• They live up to 40 years but one bird in captivity was recorded as living to the ripe old age of 70!
  • What looks like their knees (and many people refer to them as backward knees because the bend the ‘wrong’ way) are their ankles.  Their knees are way up under their bellies and cannot be seen with all the plumage.
  • Many zoos had problems keeping their flamingos pink until they figured out the very important diet element (brine shrimp and blue-green algae) that kept them that color.
  • They do not like to live in smaller flocks, preferring to be in groups of hundreds or more.
  • The male is more colorful than the female and becomes even more colorful during the breeding period.
  • Male can be 1.5 (5 feet) meters tall, female 1 (3.3 feet) meter.  Even as tall as they are it only weighs 6 pounds, she only 5 pounds. 
  • Their size (wingspan of 3.5-5 feet) and lightness allows them to fly up to 37 miles per hour!
  • Their wings are black at the tip and underneath but you cannot see the black at all when they are not in flight.
  • The males are the ones mostly making noise and they sound like geese. 
  • They spend 15-30% of their time preening – got to keep these feathers in good shape.
  • They wade in shallow salty water, stirring the mud with their feet to bring food up.  They filter the water for small food particles while their heads are upside down. 
  • They are one of the oldest birds in the world, about 50 million years in the making.
  • It is thought there are about 40,000 American Flamingos in the world today, about 3 times more than what was found in 1956 which is good news but they are still not out of the woods…
  • There are more plastic flamingos in the US today than there are live American flamingos in the world…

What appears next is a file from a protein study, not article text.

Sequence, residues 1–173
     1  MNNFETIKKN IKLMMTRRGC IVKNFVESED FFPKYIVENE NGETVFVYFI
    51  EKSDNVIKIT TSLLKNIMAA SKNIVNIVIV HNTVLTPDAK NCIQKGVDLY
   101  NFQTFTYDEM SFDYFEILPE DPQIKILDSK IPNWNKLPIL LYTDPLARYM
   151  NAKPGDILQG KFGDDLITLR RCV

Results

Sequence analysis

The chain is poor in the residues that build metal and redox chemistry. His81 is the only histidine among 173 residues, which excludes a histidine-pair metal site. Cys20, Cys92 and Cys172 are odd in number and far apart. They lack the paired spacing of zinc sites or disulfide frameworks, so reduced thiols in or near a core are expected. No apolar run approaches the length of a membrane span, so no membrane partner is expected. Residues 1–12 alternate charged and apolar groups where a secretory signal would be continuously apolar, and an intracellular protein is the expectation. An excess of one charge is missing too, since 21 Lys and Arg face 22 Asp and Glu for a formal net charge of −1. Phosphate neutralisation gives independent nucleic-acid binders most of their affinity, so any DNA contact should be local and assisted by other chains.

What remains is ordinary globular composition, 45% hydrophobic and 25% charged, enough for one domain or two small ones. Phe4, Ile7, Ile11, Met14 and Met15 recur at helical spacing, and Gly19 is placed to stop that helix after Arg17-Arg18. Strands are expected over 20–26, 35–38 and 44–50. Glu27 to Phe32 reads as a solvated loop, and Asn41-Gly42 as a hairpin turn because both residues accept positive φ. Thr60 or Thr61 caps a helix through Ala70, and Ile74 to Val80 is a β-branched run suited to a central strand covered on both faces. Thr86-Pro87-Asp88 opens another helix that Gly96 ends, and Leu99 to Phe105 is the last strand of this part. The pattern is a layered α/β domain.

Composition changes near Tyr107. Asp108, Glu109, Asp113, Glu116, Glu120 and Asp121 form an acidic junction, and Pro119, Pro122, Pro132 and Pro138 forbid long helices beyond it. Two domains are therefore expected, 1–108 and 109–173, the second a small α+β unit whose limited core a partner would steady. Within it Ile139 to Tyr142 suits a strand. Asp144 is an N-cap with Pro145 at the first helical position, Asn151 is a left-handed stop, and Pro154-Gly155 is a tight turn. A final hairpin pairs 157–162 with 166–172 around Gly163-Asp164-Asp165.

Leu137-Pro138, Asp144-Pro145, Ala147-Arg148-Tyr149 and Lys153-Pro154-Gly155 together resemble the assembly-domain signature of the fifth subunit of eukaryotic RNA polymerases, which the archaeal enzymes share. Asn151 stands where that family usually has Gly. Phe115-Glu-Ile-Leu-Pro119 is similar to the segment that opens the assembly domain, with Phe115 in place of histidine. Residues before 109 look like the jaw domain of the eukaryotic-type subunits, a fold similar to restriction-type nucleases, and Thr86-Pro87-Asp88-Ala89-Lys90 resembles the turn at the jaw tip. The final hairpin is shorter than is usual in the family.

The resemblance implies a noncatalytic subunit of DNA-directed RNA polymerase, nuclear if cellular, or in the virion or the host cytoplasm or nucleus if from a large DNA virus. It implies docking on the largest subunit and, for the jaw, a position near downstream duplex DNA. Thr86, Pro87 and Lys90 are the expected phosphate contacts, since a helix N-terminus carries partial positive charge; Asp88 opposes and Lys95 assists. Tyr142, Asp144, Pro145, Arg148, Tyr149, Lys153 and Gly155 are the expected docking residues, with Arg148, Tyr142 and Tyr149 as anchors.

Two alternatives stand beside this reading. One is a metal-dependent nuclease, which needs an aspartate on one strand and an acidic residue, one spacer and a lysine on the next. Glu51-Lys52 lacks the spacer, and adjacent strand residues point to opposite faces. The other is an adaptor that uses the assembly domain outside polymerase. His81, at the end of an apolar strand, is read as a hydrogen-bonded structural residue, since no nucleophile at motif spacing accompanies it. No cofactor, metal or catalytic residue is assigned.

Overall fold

• They are a non-migratory bird but will fly 300 miles or more to find food.
We were lucky that everything worked in our favor.  To see the flamingos, the tide must be just right.  Too high and they are not present, too low and the boats can’t bring you there.  November to February is the time they have their courtship and mate so they are very active in this area.  They go somewhere else nearby to make mud nests to have the babies.  We were also very lucky that it was partially cloudy and a tad windy so it wasn’t too hot nor did we get attacked by hordes of mosquitos.  As we like to say when things fall into place like this: ‘We live well’…
What you see floating in front of the flamingos are feathers.  All that preening!
Our guide, Juan, was very attentive to giving us information about each bird we saw and had an answer for each of our questions.  He loved our little Nikki as well.

At the end of the trip when I asked him about the name of his boat so I could talk about it on our blog he said that this wasn’t his boat.  He usually fishes.  He was just helping a lady who had just lost her husband.  By giving tours with her deceased husband’s boat, she could make some money to support her family.  We were very happy to be able to help him help her. 
The weather was just perfect and in parts the waters just as pink as the birds they feed